Hello, Excellers. Welcome back to another Excel blog post in my 2019 series of #macromonday. Today, I will share with you a quick bit of Excel VBA code. It changes the height of our rows or Excel cells super fast. This macro proved useful to me. Every week I receive a data sheet that I have to manipulate and alter the row height. So, after a few weeks, yes that is right I just had to write a bit of code as a solution to this. You can see a sample of some of the Excel data I have to adjust every week. The row headers always do not fit correctly (only one of the numerous issues with the Excel workbook). Each can be solved easily with some code. But we will concentrate on the row height in this example.
Preparing To Write The Macro
First, you will need to open the Visual Basic Editor. There are two ways to do this. Either by hitting ALT +F11 or selecting the Developer Tab | Code Group | Visual Basic. Both methods have the same result. You then have a choice, you can either create a module to store your code either in your Personal Macro Workbook or in your current workbook. What’s the difference?. If you save the macro in your Personal Macro workbook it will be available for use in any of my Excel workbooks. If you store it in the current workbook then use is restricted to that workbook.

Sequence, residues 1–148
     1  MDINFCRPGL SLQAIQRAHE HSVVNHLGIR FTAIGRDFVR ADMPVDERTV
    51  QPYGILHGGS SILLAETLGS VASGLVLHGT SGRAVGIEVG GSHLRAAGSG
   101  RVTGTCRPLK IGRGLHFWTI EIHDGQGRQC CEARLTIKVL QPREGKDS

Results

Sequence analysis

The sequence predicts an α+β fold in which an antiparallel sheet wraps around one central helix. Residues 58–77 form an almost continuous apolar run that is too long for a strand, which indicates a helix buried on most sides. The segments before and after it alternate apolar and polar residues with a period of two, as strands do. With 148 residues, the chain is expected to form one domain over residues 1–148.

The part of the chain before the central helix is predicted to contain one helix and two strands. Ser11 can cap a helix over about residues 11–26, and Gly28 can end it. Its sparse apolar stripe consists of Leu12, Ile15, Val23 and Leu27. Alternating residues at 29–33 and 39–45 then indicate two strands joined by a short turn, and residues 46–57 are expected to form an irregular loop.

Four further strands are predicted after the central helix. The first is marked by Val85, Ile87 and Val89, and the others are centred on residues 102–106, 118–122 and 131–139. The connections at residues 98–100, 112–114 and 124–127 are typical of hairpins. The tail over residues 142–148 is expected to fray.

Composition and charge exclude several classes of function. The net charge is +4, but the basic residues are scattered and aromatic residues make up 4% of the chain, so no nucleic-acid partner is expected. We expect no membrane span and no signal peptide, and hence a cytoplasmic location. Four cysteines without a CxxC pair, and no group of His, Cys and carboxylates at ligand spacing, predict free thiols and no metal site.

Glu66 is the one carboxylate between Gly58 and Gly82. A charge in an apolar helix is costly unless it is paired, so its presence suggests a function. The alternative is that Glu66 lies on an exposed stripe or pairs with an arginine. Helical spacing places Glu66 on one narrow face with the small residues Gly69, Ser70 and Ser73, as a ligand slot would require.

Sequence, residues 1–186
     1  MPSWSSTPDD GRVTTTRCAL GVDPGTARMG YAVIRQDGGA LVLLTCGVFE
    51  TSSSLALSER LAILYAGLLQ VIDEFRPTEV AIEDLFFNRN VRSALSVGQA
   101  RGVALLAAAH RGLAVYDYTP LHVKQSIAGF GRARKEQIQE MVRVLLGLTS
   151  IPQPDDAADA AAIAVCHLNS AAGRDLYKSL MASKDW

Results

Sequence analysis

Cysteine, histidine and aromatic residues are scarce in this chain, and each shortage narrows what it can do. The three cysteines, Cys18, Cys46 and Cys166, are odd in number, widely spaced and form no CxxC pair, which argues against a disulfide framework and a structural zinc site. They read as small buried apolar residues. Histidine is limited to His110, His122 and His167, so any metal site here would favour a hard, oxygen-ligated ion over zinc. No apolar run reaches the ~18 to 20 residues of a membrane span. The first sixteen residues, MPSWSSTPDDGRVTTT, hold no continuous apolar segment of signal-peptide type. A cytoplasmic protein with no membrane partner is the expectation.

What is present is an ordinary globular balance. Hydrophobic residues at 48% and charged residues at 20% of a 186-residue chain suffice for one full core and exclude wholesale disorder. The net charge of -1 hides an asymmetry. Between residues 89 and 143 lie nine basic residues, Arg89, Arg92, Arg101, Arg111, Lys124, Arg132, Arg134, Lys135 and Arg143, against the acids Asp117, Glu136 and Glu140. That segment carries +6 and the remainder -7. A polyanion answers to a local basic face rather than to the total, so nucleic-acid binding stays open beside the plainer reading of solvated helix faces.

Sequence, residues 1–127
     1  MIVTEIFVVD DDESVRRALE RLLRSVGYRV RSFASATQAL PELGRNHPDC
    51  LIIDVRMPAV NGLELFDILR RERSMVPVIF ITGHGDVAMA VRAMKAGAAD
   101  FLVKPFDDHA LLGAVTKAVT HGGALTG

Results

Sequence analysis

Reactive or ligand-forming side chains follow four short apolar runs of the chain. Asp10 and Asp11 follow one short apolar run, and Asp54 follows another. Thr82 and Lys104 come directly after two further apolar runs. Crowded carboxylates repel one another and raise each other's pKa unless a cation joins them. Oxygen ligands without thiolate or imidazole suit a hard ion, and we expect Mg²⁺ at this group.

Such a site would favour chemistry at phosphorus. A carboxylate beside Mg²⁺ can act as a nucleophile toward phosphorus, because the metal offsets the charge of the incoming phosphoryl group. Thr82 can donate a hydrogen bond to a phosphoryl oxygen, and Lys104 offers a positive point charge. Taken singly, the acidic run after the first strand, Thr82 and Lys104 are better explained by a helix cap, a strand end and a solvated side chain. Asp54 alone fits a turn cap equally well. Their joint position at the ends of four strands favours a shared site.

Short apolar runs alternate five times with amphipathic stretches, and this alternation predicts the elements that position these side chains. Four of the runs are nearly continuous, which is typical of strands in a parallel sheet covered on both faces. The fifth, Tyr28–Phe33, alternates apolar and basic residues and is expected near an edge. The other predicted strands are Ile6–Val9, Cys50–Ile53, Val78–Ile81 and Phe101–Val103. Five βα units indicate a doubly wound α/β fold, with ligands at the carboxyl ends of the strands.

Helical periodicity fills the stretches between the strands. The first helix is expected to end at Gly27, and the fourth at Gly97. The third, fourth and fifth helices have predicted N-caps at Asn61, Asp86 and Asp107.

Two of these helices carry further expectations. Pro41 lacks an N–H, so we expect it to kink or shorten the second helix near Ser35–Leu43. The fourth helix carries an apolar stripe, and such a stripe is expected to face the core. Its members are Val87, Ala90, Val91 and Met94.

Learn More About Your Personal Macro Workbook (PMW)
If you want to read more about your Excel PMW then check out my blog posts below.
Starting The Macro
We need to start off the macro by inserting a New Module. Do this by selecting the Personal.xlsb workbook, then Insert Module. Type Sub then the name of your macro. In this example, I have called it RowHeight. Notice that Excel will automatically enter the end text End Sub to end the Sub Routine. We simply need to enter the rest of the code between these two lines.
Setting The Range and Row Height
We use the range object which represents one or more cells on the worksheet. In this example, we are specifying the range A1:C1. Using the RowHeight property which sets the height for all rows in a range of cells. I have chosen to set the row height at 60.
Ending The Macro
Once the height of the cells in the range has been changed, the code finally ends with the End Sub piece of code. This was already entered into the module for us when started the type the name of the macro.
More Related #MacroMonday Blog Posts
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